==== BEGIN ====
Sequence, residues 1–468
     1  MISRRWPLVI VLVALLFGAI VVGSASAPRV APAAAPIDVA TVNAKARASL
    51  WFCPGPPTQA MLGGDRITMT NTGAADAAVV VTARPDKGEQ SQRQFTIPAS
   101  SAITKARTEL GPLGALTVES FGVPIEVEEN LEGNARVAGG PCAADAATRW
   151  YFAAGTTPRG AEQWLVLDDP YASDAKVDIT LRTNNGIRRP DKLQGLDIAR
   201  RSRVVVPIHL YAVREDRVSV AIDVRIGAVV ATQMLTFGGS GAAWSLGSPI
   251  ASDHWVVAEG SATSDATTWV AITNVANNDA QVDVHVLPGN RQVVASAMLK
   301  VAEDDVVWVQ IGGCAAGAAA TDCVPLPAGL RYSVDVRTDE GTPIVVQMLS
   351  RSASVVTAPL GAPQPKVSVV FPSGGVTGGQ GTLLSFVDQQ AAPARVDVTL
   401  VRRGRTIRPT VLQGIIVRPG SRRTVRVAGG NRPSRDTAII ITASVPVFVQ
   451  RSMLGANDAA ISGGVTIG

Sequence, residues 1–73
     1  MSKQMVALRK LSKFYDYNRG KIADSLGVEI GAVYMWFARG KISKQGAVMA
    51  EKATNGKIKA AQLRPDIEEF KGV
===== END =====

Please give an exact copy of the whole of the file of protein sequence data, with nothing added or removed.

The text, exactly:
Sequence, residues 1–468
     1  MISRRWPLVI VLVALLFGAI VVGSASAPRV APAAAPIDVA TVNAKARASL
    51  WFCPGPPTQA MLGGDRITMT NTGAADAAVV VTARPDKGEQ SQRQFTIPAS
   101  SAITKARTEL GPLGALTVES FGVPIEVEEN LEGNARVAGG PCAADAATRW
   151  YFAAGTTPRG AEQWLVLDDP YASDAKVDIT LRTNNGIRRP DKLQGLDIAR
   201  RSRVVVPIHL YAVREDRVSV AIDVRIGAVV ATQMLTFGGS GAAWSLGSPI
   251  ASDHWVVAEG SATSDATTWV AITNVANNDA QVDVHVLPGN RQVVASAMLK
   301  VAEDDVVWVQ IGGCAAGAAA TDCVPLPAGL RYSVDVRTDE GTPIVVQMLS
   351  RSASVVTAPL GAPQPKVSVV FPSGGVTGGQ GTLLSFVDQQ AAPARVDVTL
   401  VRRGRTIRPT VLQGIIVRPG SRRTVRVAGG NRPSRDTAII ITASVPVFVQ
   451  RSMLGANDAA ISGGVTIG

Sequence, residues 1–73
     1  MSKQMVALRK LSKFYDYNRG KIADSLGVEI GAVYMWFARG KISKQGAVMA
    51  EKATNGKIKA AQLRPDIEEF KGV